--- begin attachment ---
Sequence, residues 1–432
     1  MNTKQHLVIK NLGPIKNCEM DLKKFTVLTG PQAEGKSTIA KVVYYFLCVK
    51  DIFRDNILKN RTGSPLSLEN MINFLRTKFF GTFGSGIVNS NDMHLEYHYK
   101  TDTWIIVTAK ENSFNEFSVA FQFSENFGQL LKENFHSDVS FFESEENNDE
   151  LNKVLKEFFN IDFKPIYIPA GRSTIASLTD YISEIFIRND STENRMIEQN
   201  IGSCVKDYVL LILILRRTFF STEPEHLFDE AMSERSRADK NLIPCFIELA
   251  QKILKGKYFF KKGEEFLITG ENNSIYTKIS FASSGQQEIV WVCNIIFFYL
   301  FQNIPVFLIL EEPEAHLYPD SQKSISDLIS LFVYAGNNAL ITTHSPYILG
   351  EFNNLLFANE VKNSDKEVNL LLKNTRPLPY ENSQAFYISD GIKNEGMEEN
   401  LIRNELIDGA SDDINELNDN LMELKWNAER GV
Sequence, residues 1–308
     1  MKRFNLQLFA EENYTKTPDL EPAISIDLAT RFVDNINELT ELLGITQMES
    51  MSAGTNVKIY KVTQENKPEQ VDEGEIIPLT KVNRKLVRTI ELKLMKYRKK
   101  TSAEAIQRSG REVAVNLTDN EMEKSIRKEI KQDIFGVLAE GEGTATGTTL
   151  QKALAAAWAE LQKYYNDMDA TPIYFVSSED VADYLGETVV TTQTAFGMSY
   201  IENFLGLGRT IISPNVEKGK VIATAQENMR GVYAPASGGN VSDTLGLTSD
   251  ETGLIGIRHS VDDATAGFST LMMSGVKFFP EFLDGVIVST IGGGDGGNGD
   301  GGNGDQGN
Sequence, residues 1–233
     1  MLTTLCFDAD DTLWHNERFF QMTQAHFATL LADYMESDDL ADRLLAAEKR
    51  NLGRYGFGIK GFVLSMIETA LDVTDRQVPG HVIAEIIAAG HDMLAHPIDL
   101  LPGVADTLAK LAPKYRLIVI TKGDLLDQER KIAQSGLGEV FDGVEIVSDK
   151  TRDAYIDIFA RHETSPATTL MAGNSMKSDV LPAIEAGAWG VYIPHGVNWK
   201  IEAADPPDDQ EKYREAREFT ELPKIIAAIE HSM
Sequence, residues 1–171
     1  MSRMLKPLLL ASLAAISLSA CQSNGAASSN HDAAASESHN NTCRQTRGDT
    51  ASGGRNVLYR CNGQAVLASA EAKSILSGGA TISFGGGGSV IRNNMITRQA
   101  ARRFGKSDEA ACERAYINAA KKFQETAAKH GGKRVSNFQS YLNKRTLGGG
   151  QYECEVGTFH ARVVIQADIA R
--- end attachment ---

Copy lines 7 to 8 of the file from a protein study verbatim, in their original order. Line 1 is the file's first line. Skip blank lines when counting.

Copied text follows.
   251  QKILKGKYFF KKGEEFLITG ENNSIYTKIS FASSGQQEIV WVCNIIFFYL
   301  FQNIPVFLIL EEPEAHLYPD SQKSISDLIS LFVYAGNNAL ITTHSPYILG